Java Programming - Threads - Discussion


What will be the output of the program?

class MyThread extends Thread 
    MyThread() {} 
    MyThread(Runnable r) {super(r); } 
    public void run() 
        System.out.print("Inside Thread ");
class MyRunnable implements Runnable 
    public void run() 
        System.out.print(" Inside Runnable"); 
class Test 
    public static void main(String[] args) 
        new MyThread().start(); 
        new MyThread(new MyRunnable()).start(); 

[A]. Prints "Inside Thread Inside Thread"
[B]. Prints "Inside Thread Inside Runnable"
[C]. Does not compile
[D]. Throws exception at runtime

Answer: Option A


If a Runnable object is passed to the Thread constructor, then the run method of the Thread class will invoke the run method of the Runnable object.

In this case, however, the run method in the Thread class is overridden by the run method in MyThread class. Therefore the run() method in MyRunnable is never invoked.

Both times, the run() method in MyThread is invoked instead.

Saurabh Vyas said: (Jan 6, 2011)  
Here in this question again the start method is invoked two times.

I am confused won't here be also IllegalThreadStateException will be thrown because we can register only one thread at a time.

Saurabh Vyas said: (Jan 6, 2011)  
i got the solution it was a good question. the answer is correct

Charu said: (Sep 4, 2011)  
Could anyone suggest why the answer is A for this. As not satsifed by the answer.

Chintha said: (Feb 16, 2012)  
If MyThread class doesn't override the run method, the output will b A.

Sriram said: (Aug 20, 2012)  
See the run() method in MyRunnable is never invoked.

Manish Srivastava said: (Sep 28, 2012)  
In mytread class runnable class pass as a parameter sp in this reason MyThread constructor contain runnable parameter type variable. Control goes to mythread class and print run method of mythread. In this way correct answer is A.

Praveen said: (Mar 4, 2015)  
I want know. The parameter pass to the mythread then it will run and print out ok but how another time thread is started. Actually I want to know how thread start twisty.

Syed said: (Jan 26, 2016)  
new MyThread().start();

It create the object and calling the start so run method is executing inside the mythread class.

new MyThread(new MyRunnable()).start();

In this start method calling from mythread object new MyThread(new MyRunnable()).start(); NOT a new MyRunnable().start();

Confused said: (Mar 29, 2016)  
What with Garbage Collector behavior?

We create an instance of MyThread, then we run this thread, and immediately after that, we do not have any connector with this executing thread.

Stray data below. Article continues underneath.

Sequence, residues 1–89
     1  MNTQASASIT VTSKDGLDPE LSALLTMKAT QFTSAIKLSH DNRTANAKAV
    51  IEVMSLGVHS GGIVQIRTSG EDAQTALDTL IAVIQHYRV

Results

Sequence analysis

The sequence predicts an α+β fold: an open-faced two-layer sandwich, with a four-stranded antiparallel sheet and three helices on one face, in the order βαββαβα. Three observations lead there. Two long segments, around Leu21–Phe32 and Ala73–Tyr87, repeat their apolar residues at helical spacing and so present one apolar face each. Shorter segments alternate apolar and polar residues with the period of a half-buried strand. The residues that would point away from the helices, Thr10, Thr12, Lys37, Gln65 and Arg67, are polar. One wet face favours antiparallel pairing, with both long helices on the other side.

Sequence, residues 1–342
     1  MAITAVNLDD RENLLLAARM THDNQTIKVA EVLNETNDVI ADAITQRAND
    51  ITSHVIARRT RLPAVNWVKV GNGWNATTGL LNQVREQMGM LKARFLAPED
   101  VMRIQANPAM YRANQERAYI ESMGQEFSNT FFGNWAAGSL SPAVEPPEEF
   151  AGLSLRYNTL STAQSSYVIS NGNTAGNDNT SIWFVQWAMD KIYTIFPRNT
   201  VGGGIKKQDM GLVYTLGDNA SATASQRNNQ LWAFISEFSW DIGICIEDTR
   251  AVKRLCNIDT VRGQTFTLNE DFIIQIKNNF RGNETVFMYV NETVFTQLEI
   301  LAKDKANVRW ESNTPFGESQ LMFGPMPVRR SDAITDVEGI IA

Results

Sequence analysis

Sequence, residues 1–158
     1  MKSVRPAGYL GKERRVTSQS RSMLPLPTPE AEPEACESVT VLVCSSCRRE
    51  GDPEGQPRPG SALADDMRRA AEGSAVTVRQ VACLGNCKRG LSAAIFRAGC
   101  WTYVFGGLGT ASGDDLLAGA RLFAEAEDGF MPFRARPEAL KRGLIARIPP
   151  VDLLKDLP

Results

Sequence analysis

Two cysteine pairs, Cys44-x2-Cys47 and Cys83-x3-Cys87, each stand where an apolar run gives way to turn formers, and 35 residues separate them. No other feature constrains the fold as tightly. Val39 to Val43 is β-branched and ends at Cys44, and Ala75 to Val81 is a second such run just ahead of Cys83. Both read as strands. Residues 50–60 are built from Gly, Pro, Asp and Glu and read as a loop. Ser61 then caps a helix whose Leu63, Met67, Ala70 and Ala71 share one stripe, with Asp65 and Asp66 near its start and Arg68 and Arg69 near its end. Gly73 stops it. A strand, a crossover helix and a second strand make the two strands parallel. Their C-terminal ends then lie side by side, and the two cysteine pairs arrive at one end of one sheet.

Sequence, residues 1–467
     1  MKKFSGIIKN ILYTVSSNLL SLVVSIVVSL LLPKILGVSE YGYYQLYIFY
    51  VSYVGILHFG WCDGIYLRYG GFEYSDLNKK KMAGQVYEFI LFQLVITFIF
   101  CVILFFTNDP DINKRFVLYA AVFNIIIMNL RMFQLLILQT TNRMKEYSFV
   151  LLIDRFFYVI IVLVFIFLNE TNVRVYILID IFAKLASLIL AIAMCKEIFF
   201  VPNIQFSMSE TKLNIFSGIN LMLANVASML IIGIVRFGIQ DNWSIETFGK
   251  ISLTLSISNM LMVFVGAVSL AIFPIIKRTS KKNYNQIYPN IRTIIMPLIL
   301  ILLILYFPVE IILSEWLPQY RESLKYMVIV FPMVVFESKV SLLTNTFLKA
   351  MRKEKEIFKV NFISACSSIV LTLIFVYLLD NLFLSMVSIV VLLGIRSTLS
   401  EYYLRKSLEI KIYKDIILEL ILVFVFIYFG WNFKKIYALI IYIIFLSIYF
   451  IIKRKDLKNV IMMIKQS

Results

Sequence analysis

In common GC will remove the object, in that case (I conclude) GC allows finish thread.

Rahul said: (Jun 6, 2016)  
The correct option is c.

Because Runnable is abstract it can not be instantiated so this new MyThread(new Runnable()).start(); will not compile and throws a error.

Prashantp224 said: (Mar 18, 2017)  
New MyThread().start();

Reason 1-
Here thread1 is running by the object of Mythread class .( We can say object of default constructor of Mythread )

new MyThread(new MyRunnable()).start();

Reason 2-
Here thread2 is started by different object which is new MyThread(new MyRunnable());
(This thread2 is created by parameterize constructor of MyThread class .which is taking object of MyRunnable as input .)

So By Reason1 and Reason2 we can say that there are two different threads of Mythread class .

Eg : thread1.start();
which is legal .

These both threads are object of Mythread which is containing common ru(); method for both of them .
That's why both the time.

Inside Mythread will print both the time .

Peter said: (Sep 25, 2017)  
When these lines are executed:

new MyThread().start();
new MyThread(new MyRunnable()).start();

You are calling the MyThread class 2 times.
To call the MyRunnable class, you would execute:
new MyRunnable().run();

Nicole said: (Jan 15, 2018)  
To figure out why the second "Inner Thread", I recommend all of you have a try at changing the sentence "new MyThread (new myRunnable()).Start() ;" into "new Thread (new myRunnable()).Start() ;", and look at the output. Then you would understand why and understand the description!

David said: (Mar 18, 2018)  
It will give the compilation error. Because you can not call super with an argument.

MyThread (Runnable r) {super (r);}.

Priyo said: (Jun 21, 2018)  
MyThread constone. barException in thread "main" java.lang.IllegalThreadStateException.
At java.lang.Thread.start(Unknown Source).
At io.priyo.MutiThreding.Mythread1.main(

Rksh25 said: (Nov 20, 2019)  
Actually it is tricky but Let Me try to share my opinion:-
new MyThread(new MyRunnable()).start();

A new thread object will be created(No reference variable). MyThread is also a Thread since it extends Thread. It has its own run method within the class. You are calling start() method on it. It will run its own run method. We are NOT writing:

new Thread(new MyRunnable()).start();. If we write so, Inside my Runnable will be called.

Post your comments here:

Name *:

Email   : (optional)

» Your comments will be displayed only after manual approval.